On improved and gravel roads, the front wheel felt like it floated a bit, but I never felt like I was not in control. I was also moving down the road at 55-60mph (90-100kph). On the road, these suspension settings allowed for a smooth, firm ride with no headshakes until around 70mph (110kph). For the type of riding that I do 90% of the time, that is about ideal. If I want to ride longer distances and spend more time on hardball and improved dirt roads, I can adjust my settings easily back to my +11 C/ +9 D, change the Rear to the "Soft" setting and be good-to-go.
Suspension is a very personal thing, so you have to find what works best for your style of riding. I hope that these numbers provide you with a good start point for your own suspension adjustments. If you have any questions about how I arrived at my numbers, feel free to send me a PM.
The reasoning behind the setting for the rear shock I can totally dig, but you misinterpret the front settings imho. The compression and rebound settings has nothing to do with rider weight per se. What these settings do is simply limit the speed of which the fork is allowed to compress or retract and their setting is ultimately determined by your riding style and to the terrain you ride. They provide a dampening effect to the spring which is the actual component that according to BMW is chosen to suit a 75kg rider. So in essence, if you weigh significantly more or less than 75kg you really should consider replacing the spring with a proper one for your weight. That being said, your setting for the fork may be excellent, but your "math" to get there was somewhat strange.
I'm going to disagree with you on the statement that the springs themselves are designed for a 75kg rider. If the springs were designed for a 75kg rider, then there would be no reason to adjust for Compression and Rebound. As justification, I would ask you to refer to the manual where it provides rear suspensioin ratings for both 75kg and 85kg riders. Additionally, BMW states that your Front Suspension Settings (Hard or Soft) need to marry up with the Rear Suspension Settings (Hard or Soft). If you are over 50% on the "+" side of the Compression or Rebound, I'd advise to set your Rear Suspension to "Hard"; if you are over 50% on the "-" side, I'd advise you to set your suspension to "Soft".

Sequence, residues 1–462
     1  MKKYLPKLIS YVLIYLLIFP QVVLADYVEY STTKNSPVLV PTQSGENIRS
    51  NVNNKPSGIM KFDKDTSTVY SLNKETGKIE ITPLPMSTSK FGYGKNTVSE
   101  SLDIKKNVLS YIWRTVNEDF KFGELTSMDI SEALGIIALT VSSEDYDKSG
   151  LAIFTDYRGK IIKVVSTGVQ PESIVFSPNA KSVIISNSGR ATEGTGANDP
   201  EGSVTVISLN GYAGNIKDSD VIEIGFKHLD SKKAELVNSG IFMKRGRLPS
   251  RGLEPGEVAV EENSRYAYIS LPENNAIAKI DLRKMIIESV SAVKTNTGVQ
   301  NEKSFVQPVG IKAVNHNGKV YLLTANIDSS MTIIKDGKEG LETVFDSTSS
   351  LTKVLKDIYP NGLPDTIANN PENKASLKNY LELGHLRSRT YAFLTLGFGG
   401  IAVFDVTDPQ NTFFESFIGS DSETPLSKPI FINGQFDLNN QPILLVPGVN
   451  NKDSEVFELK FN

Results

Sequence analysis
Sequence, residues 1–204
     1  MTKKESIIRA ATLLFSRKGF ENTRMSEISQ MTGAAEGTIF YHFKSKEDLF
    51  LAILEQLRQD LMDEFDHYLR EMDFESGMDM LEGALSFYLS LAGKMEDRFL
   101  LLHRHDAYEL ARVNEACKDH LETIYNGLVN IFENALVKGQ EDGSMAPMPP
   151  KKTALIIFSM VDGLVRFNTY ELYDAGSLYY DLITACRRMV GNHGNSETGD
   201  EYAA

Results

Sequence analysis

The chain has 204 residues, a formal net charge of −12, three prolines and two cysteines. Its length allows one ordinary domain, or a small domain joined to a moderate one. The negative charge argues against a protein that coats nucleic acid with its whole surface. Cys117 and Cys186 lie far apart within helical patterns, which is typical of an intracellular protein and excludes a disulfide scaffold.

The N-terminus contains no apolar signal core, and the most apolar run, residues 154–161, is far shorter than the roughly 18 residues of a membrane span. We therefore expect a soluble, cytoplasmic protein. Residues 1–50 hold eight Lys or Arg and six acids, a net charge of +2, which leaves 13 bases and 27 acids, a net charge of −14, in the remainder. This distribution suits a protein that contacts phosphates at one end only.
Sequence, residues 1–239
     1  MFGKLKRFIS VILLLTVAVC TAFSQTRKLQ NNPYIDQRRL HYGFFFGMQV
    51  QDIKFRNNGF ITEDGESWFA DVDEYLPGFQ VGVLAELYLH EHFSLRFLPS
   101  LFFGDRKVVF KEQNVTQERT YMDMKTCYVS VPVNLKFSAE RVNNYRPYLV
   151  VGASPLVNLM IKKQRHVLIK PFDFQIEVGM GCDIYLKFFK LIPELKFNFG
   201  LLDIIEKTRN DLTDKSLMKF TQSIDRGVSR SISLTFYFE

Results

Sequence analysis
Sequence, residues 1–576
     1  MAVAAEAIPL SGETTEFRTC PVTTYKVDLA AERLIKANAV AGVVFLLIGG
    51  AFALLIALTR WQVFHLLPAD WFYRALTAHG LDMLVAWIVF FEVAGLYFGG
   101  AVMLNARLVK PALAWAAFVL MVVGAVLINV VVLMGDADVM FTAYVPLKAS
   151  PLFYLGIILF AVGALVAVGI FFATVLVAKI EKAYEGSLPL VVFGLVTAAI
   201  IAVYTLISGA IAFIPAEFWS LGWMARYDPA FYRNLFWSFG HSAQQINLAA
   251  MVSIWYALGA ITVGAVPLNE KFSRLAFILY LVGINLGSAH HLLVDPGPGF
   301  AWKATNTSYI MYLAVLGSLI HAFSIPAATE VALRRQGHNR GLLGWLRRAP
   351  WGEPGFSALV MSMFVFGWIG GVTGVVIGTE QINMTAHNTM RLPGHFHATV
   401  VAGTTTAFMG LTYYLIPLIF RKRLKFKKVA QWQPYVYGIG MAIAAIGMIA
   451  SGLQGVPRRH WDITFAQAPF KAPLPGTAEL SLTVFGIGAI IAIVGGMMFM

Mass has everything to do with suspension settings and how those settings respond to the Force applied to the suspension. Force = Mass (measured in Kg) x Acceleration (Meters/ Seconds Squared).
Once again, suspension settings depend on your size, fitness and style of riding. Why don't you try my formula and see how it rides? If it doesn't work for you, throw it out. If you don't try the formula and test-ride it yourself, you can't speak with authority as to whether or not it works.
How do you adjust your suspension?
With all respect, that statement is just...completely wrong. A spring with no damping would wobble like crazy. You would have absolutely no traction at all.
I'm guessing now as I don't have the manual in front of me, but those figures refer to air pressure in the bladder right? The pressure in the bladder is also known as PRELOAD. A higher preload (higher pressure) ,somewhat simplified, does the same as a spring with higher spring rate would do to the forks. It has absolutely nothing to do with comp or rebound dampening.
No argument there.
Also correct but if you have the wrong spring rate for your weight your fork will not perform in optimal conditions. If you weigh significantly more than the spring is rated for your forks will operate in a constant too compressed state. The spring compresses in a linear fashion so to compress the first say 5cm is going to require half the energy compared to the following 5 cm. This means if you are riding around with your fork constantly 5cm compressed your fork isn't going to be as supple as if you fork was extended to where the optimal ride height is. You need to understand that NO amount of compression or rebound dampening can correct this. The second and equally important thing to understand is that if your fork sags too much it will affect the geometry of the bike making it either nervous or too stable(hard to turn).
Here is a good guide on setting up your suspension the correct way. Please note the last section on setting up the fork where it says "-Your static sag should be within the limits given in your owners manual. If it is not, you need to change the
spring, set the race sag, and measure again."
I can speak with authority on that formula as it is in part based on bad assumptions.
I am fortunate to weigh approx 75 kg so my setup is very close to neutral. I have a few clicks negative on rebound and compression as I like it on the soft side.
No hard feelings, just trying to help out.
brgds / sideway5